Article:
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On 2 February 2024, with the approval by President Museveni of the Competition Act, 2023 (the “Competition Act”), Uganda enacted the long-awaited antitrust reform, by issuing a regulatory act that brings together principles and rules of law aimed at protecting the competitive structure of the market, in the interest of businesses and consumers.

Today, unlike in the past when the regulation of competition in Uganda was remanded to specific sectoral regulations - for example, banking, energy or telecommunications regulations - local and foreign companies wishing to expand their business or enter the Ugandan market can find in a single document the main provisions specifically aimed at regulating competition across the board.

The Competition Act was in fact adopted with the aim of promoting the fair course of competition and counteracting those practices that adversely affect it. To this end, the Competition Act prohibits:

  • anti-competitive practices and agreements;

  • abuse of a dominant position;

  • M&A transactions and establishment of joint ventures that produce a negative effects on competition.

With reference to the first category, similarly to what is provided for at the European level, the Competiton Act identifies as anticompetitive business practices and agreements: on one hand, concerted practices and horizontal agreements through which entities operating at the same market level and potentially competing with each other, agree, for example, on the setting of resale prices, the limitation of the production of goods to be resold on the market or the limitation of investments in R&D, as well as the participation in tenders according to legal and negotiation schemes that, in fact, are collusive towards other participants; on the other hand, concerted practices and vertical agreements through which parties operating at distinct levels of the production chain (e.g. producer and distributor) agree on the resale prices of goods or to guarantee a de facto monopoly in certain territories, thus giving rise to exclusive supply and/or distribution regimes that are highly detrimental to competitors and, ultimately, to end consumers.

As to the second category, the newly introduced rule prohibits the abuse of a dominant position, i.e., the adoption, by those subjects which hold a significant market share, of practices that have the effect of excluding competitors from the market. It should be noted that, departing from the standards identified at European level, where the market share required for an entity to be deemed to hold a dominant position is set indicatively at 40%, the Competition Act sets this threshold at 30%.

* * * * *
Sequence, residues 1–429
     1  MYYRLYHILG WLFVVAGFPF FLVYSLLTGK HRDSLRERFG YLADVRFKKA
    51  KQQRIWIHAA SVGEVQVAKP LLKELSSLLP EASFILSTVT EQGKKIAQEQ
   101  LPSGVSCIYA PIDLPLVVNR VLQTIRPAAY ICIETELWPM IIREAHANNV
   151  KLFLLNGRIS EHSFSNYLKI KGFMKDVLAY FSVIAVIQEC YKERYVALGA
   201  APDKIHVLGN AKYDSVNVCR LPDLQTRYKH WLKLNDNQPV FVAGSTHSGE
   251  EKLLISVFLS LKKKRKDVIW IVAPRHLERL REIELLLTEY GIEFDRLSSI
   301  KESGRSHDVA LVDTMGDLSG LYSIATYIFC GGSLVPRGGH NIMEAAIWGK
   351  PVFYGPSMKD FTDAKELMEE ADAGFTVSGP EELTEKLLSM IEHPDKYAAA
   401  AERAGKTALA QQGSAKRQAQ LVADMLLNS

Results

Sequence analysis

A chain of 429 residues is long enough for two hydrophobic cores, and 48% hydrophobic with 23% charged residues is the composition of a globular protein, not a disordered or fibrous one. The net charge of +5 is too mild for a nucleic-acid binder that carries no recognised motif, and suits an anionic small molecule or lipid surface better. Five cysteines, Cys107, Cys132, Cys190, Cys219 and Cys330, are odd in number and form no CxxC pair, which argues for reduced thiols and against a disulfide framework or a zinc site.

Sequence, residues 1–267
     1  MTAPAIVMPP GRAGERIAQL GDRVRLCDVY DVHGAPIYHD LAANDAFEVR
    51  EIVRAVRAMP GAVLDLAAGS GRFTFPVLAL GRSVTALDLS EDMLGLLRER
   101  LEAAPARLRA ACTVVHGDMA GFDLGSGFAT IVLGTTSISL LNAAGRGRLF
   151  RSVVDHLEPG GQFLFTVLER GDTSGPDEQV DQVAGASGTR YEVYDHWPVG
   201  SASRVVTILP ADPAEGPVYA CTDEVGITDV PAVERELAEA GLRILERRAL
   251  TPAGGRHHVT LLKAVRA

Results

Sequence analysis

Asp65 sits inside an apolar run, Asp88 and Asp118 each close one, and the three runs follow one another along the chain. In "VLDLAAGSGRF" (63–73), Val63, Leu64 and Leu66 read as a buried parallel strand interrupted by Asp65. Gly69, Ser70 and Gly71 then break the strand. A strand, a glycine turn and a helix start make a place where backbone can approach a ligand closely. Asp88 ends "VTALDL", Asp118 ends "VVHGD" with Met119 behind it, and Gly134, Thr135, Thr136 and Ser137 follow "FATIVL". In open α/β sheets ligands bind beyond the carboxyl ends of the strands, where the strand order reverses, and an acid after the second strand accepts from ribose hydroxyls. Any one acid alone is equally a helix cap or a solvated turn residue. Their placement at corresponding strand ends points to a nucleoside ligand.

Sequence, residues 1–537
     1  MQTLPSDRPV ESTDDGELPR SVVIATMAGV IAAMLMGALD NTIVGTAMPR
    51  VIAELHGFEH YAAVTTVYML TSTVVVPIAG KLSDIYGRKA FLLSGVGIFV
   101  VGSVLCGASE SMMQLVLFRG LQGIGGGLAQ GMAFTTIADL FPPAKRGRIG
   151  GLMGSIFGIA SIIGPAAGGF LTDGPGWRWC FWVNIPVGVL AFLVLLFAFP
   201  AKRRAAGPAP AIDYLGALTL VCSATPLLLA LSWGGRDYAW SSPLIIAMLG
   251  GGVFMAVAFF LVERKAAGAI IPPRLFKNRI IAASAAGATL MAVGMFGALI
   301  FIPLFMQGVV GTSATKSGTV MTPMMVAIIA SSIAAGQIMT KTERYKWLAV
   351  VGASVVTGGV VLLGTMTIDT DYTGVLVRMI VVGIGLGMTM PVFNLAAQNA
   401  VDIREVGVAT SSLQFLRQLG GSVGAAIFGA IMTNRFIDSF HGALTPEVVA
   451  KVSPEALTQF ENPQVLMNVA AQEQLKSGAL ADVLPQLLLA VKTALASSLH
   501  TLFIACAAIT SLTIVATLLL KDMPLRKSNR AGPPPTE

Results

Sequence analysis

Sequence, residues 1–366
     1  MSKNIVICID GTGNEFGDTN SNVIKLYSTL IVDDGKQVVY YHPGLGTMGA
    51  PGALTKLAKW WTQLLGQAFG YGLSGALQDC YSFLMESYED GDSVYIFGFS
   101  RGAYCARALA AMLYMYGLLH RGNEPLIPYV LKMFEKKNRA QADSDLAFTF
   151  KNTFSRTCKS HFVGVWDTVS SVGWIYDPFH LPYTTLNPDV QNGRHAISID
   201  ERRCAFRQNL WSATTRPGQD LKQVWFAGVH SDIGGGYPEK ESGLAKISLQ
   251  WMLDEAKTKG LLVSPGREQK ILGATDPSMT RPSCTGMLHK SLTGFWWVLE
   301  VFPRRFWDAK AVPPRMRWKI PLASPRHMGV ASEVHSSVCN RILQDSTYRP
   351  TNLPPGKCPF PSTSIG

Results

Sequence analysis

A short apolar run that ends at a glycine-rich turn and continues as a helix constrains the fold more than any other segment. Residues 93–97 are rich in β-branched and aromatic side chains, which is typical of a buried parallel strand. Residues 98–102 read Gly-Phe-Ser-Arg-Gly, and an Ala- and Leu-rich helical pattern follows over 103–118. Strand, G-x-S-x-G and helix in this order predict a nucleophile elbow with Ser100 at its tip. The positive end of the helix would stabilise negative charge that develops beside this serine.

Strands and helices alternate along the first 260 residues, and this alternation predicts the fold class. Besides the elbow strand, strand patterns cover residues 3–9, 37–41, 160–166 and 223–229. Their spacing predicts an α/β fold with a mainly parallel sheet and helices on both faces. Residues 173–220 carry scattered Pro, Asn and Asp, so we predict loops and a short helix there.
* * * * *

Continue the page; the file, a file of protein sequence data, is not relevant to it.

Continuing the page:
With regard to the third category of conduct prohibited by the Competition Act, i.e., mergers, acquisitions and establishment of corporate joint ventures that have an adverse effect on competition, the new rule provides, in the wake of other national and supranational legislators, an ex ante control mechanism whereby companies that intend to carry out such transactions are required to notify the Ministry of Trade. This notification must be made by the subject who, through the transaction, acquires a controlling position in the new entity so established or acquired, i.e., exercises at least 49% of the voting rights, is entitled to appoint more than half of the members of the administrative body and exercises control over the affairs of the business entity.

In the framework thus outlined, however, some problematic aspects still remain. In fact, on one hand, the relationship between the Competition Act and the competition disciplines in force at the regional level (i.e., those adopted by the Common Market for Eastern and Southern Africa and the East African Community) has not been defined; on the other hand, although there have been parliamentary proposals in this regard, no ad hoc independent authority has been established to verify compliance with the provisions identified by the Competition Act.

Therefore, even though the Competition Act represents a fundamental first step towards ensuring the proper functioning of the market's competitive dynamics and, consequently, supporting the economic growth of Uganda, it is hoped that action will be taken to fill the gaps that still remain, in order to create a regulatory framework that is the most complete and organic as possible.


Author:  Marta Sartori

Contact:  Avv. Anna Francesca Morsoletto


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